We have tested the antibacterial activity of SNBCs against E. coli and B. subtilis and antifungal activity against S. pombe. Antimicrobial activity of SNBCs at a concentration of 200 μg/ml was determined by agar diffusion assay (Additional file 5 Online Resource 5). Zone of inhibition determined for E. coli by measuring the diameter of bacterial clearance after 24 hour was 3.68 ± 0.1 mm and that for B. subtilis was 2.81 ± 0.2 mm. Zone of inhibition determined for S. pombe by measuring the diameter of fungal clearance after 24 hour was 1.87 ± 0.15 mm. We have also used 0.5 mM silver nitrate and fungal cell exudates in MilliQ water as control to assess their antimicrobial potency. It was found that silver nitrate showed antimicrobial activity like that of SNBCs. But no zone of inhibition was observed in case of fungal cell exudates in MilliQ water.
The Minimum inhibitory concentrations (MIC) was defined as the lowest silver concentration, which showed no increase in optical density (OD), i.e. no bacterial or fungal growth during 24 hours of inoculation. MIC of SNBCs against E. coli, B. subtilis and S. pombe were represented in Additional file 6 Online Resource 6. In the case of Gram negative bacteria E. coli the MIC was 4 μg/ml while for Gram positive bacteria B. subtilis the MIC was 8 μg/ml and for the S. pombe the value was 8 μg/ml. The minimal concentration of SNBCs which gave rise to plates without bacterial colonies was considered as the minimal bactericidal concentration (MBC). The MBC (or MFC) of SNBCs in growth medium was 8 μg/ml for E. coli and 32 μg/ml for B. subtilis and 16 μg/ml for S. pombe (Additional file 6 Online Resource 6).
In our study SNBCs formed a single population as revealed by DLS analysis in the size range of 20–40 nm. The physical nature of SNBCs as revealed by TEM images that most of the SNBCs were quite spherical in shape with their average diameter of 9.46 ± 6.45 nm. It is true that quantification of Ag (0) is not accurate from the absorbance value of the SPR signal of the SNBCs. Concentration calculation from the molar extinction coefficient value depends on the size of the molecule in a homogeneous population. Although microbial synthesized SNBCs contain a heterogeneous population of different size, still we tried to quantitate the Ag (0) content of SNBCs with an average diameter 9.46 nm and 15.91 nm using the extinction coefficient value of 4.16 × 109 M-1 cm-1. (Yguerabide and Yguerabide 1998). It is observed that 15.69 × 10-2nM Ag (0) is produced from 0.5 mM AgNO3.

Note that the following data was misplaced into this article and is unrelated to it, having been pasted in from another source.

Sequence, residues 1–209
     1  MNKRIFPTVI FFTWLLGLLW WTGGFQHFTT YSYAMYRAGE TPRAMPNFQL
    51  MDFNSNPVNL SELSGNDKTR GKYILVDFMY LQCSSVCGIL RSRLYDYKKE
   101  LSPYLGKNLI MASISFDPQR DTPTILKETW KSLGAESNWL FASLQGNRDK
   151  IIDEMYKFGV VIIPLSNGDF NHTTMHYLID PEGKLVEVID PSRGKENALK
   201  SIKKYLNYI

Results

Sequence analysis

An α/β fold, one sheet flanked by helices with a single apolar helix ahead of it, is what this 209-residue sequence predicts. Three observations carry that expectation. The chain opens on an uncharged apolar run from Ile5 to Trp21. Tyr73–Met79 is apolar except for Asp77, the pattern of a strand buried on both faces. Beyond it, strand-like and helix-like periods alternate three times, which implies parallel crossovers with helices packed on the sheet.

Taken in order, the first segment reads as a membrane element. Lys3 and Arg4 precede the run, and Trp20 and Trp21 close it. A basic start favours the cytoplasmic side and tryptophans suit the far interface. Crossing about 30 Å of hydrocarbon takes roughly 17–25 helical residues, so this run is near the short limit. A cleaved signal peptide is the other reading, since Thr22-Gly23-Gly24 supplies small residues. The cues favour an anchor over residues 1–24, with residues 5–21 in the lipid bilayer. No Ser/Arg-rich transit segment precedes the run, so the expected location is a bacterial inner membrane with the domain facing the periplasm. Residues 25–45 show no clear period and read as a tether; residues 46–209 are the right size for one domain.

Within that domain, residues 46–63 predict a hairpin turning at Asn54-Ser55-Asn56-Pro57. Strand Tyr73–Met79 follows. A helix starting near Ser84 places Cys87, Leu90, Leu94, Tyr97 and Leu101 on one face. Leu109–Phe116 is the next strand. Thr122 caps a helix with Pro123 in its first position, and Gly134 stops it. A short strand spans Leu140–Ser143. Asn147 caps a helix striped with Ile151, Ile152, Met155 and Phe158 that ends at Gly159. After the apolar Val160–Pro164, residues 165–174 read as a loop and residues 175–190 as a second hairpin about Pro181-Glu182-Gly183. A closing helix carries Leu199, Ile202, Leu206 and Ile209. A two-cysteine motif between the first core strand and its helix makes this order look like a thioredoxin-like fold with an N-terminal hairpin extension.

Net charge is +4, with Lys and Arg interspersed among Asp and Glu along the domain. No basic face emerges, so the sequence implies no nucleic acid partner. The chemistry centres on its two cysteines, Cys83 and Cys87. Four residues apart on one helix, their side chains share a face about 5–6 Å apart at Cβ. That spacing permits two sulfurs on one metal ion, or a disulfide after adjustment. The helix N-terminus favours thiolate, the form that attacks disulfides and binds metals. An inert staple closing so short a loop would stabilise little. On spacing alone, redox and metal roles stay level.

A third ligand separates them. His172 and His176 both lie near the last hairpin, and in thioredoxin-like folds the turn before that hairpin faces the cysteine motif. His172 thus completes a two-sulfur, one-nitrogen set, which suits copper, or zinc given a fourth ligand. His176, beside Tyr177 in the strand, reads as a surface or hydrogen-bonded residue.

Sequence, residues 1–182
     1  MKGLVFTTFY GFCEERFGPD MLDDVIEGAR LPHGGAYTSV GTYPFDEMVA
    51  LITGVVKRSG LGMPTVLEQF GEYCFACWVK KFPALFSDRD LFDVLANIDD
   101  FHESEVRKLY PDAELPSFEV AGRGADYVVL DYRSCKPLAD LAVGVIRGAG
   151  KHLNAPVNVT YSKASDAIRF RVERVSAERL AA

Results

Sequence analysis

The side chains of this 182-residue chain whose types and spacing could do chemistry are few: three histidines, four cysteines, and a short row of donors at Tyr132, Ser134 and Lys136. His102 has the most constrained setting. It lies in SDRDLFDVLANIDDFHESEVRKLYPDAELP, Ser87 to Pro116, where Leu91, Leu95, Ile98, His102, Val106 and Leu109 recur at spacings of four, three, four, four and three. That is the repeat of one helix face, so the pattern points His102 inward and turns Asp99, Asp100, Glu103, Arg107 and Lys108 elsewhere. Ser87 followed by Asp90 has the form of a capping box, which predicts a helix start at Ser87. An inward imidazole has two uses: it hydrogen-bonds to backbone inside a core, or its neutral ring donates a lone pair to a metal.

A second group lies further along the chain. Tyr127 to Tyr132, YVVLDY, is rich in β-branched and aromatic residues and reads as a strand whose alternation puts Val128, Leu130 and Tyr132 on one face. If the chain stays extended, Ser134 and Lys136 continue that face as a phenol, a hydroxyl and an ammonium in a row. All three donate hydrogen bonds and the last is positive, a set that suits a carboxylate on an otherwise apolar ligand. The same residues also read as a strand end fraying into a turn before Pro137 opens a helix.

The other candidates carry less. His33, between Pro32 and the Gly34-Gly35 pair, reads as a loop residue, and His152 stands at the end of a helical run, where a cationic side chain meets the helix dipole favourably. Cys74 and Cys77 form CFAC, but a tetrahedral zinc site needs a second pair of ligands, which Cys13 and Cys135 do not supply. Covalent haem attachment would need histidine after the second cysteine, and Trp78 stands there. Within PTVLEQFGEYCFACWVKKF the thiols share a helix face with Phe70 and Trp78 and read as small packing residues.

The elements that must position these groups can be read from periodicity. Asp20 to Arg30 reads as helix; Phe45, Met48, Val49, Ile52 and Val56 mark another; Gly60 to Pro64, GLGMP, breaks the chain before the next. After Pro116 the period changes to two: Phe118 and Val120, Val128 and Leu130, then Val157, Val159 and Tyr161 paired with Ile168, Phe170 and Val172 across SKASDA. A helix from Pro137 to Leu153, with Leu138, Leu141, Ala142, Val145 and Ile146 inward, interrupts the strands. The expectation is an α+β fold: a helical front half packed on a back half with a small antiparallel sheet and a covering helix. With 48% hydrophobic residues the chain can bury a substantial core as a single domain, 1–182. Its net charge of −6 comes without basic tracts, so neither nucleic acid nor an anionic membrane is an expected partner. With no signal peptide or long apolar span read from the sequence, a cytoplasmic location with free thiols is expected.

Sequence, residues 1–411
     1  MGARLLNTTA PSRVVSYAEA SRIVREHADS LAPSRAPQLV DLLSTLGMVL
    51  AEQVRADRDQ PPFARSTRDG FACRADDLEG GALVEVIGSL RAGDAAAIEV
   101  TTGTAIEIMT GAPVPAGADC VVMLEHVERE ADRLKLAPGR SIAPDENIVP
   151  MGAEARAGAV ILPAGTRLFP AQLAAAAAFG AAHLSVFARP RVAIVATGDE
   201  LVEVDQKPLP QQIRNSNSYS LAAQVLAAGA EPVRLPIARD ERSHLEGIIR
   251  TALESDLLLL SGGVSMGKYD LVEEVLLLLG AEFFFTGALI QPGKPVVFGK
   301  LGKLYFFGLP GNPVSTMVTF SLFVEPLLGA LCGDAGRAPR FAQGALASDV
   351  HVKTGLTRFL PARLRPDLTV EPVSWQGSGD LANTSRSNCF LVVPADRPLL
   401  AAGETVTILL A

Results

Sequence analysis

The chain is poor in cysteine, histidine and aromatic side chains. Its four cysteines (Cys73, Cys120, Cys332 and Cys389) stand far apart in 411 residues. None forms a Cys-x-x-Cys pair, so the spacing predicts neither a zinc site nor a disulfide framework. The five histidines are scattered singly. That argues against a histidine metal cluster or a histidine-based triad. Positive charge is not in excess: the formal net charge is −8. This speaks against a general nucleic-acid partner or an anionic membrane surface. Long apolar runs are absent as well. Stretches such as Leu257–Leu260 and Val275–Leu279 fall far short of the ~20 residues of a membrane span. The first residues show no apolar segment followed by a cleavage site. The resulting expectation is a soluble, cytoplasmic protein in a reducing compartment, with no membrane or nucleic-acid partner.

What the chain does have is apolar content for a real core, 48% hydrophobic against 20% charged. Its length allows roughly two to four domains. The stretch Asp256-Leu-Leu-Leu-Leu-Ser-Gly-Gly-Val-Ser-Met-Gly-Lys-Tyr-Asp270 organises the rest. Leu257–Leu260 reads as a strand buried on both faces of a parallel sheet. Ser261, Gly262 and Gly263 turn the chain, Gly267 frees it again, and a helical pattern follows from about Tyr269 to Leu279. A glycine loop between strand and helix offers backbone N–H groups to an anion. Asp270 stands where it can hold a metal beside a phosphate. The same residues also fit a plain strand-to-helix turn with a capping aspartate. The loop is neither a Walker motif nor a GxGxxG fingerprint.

Average zeta potential of SNBCs measured to be −21 mV suggesting that some biomolecules capped the surface imparting a net negative charge over it. It could be well assumed that the biomolecules present in extracellular filtrate not only involved in the synthesis but providing the surface coating of silver nanoparticles making them well stable. SDS-PAGE profile of the extracellular filtrate clearly showed the presence of proteins in the filtrate. It is conceivable that the biomolecules present in extracellular filtrate are not only involved in the synthesis but also providing the surface coating of silver nanoparticles making them well stable. So it is possible that some of these proteins and other biomolecules such as chitin, lipid etc. may be present on SNBCs and help to stabilize the SNBCs. It has been shown that silver nanoparticles have affinity for free amine groups or SH-group of cysteine residues of the proteins or through electrostatic attraction of negatively charged carboxylate groups (Gole et al. 2001). FT-IR analysis of SNBCs again confirmed the presence of biomolecules in the SNBCs.